Freedom to practice religion still faces oppression

Michael Finn

The freedom to practice religion is one of the liberties protected under the First Amendment. A few weeks ago, an evangelical preacher named Tom Short occupied the front lawn of Parks Library with a Bible in hand. For the last 18 years, Short has been on a pilgrimage to universities across the nation, spreading what he believes to be the “word of God.”

Students congregated outside the Hub Café for a front seat on the action. Chris Blackowiak, sophomore in marketing and pre-advertising, stood on the sidewalk and observed Tom Short’s rants.

“He had some witty comebacks to the crowd’s comments,” Blackowiak said. “He was definitely strong-willed and persistent, even if he was a little extreme in some people’s eyes. But it’s obvious that he wants people to believe what he believes.”

Short, a self-proclaimed “campus evangelist,” might have stirred up controversy with his radically anti-gay, anti-sex and anti-science messages — but he was only exercising his constitutionally guaranteed rights, and therefore immune to any legal action.

Other religions on campus do not express their faith as openly on campus. Nicholas Spyrison, senior in statistics, is a Tibetan Buddhist and president of the Karma Kagyu Study Group. Spyrison said his religion does not need to be pushed upon other people.

“Buddhism is not something I ‘wear on my sleeve’ so to speak, so I don’t announce my religion unless it is pertinent to the conversation,” Spyrison said.

As a land-grant institution funded by state tax dollars, Iowa State is obligated to promote religious freedom under the First Amendment, and therefore cannot adopt an ‘official’ religion. But Warren Blumenfeld, associate professor of curriculum and instruction, is skeptical of the university’s secular designation.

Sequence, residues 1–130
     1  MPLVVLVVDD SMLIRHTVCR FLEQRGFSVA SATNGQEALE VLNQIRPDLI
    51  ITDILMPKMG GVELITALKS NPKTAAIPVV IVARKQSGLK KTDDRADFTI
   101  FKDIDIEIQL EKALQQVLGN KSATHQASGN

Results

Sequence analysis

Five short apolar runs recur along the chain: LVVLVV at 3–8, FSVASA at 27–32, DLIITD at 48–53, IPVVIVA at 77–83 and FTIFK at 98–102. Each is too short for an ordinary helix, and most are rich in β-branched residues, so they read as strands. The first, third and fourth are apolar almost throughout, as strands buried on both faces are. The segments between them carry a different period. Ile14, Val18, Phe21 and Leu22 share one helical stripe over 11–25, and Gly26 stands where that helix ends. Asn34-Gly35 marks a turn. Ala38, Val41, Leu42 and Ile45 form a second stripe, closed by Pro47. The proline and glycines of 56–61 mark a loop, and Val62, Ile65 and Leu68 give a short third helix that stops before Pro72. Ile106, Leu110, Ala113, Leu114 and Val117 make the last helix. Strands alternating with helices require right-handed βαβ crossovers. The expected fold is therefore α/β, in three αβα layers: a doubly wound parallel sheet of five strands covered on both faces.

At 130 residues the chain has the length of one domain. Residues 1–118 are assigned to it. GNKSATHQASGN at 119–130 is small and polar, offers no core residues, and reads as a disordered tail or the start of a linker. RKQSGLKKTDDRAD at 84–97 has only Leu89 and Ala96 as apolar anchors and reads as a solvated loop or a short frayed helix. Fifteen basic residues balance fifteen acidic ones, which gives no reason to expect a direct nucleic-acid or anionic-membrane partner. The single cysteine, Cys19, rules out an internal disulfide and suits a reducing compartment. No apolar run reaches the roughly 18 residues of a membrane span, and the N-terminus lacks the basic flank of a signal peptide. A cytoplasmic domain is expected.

Blumenfeld pointed out that on this campus and throughout society, the yearly calendar revolves around Christian holidays. There is also a floor-to-ceiling Christian cross in the Chapel of the Memorial Union, and the Chapel’s stone benches are engraved with the Christian cross. Evangelical Christians are unceasingly trying to convert people to their own faith, to which Chinese students are sometimes specifically targeted for “Christian conversion by members of the Cornerstone Church on our campus since they are seen as coming from a non-religious culture, and they are, therefore, particularly vulnerable.”

Blumenfeld has experienced hateful discrimination in the past. As a Jew and a homosexual, the discrimination he has received has left him with rather negative views on Christianity. He remembers one time in particular when a student wrote prejudiced remarks on a course evaluation.

“This student strongly implied that I will travel to hell if I continued to act on my same-sex desires,” Blumenfeld said. “She even went further by insisting that since I am Jewish and I do not accept Jesus as my personal savior, I will go to hell regardless of my sexual identity and behavior. Anyone who doubts this, she said, ‘Only death will tell!’”

Hector Avalos, professor of religious studies and an outspoken atheist, said that Iowa State is a Christian-preferred university. Avalos recalled a moment when, a few years ago, the ISU football team had to select a “chaplain” or “life skills assistant.”

“It was a Christian minister,” Avalos said. “No Muslims, Hindus or persons of any other religion were even considered.”

The Muslim population has also been the subject of harsh discrimination, particularly in the United States following the events of Sept. 11, 2001. This isolated incident of terrorism committed by a few Islamic radicals sparked widespread fear and distrust of the Muslim population as a whole.

“I wonder whether we have learned anything from history,” Blumenfeld said. “To stereotype and scapegoat all followers of Islam for the events of 9/11 is as invalid as blaming all Christians for the despicable actions perpetrated by Timothy McVeigh, the Oklahoma City bomber who was a devout Christian.”

Christianity is not inherently oppressive to other cultures and religions. Many Christians at Iowa State remain faithful while still maintaining respect for other people of different religions.

“Every person is equally if not more deserving of my love, my joy, my patience, my kindness, my goodness, my faithfulness, my gentleness and my self-control more than even myself,” said Gabe Noll, senior in advertising and member of the Salt Company Student Fellowship, a Christian organization at Cornerstone Church.

To uphold our freedoms and promote the welfare of others, Blumenfeld said it is important to always be tolerant of others.

“When we begin to think in pluralistic ways — that my way is good for me and your way is good for you — that’s when we will begin to live in a true and cooperative global community,” Blumenfeld said.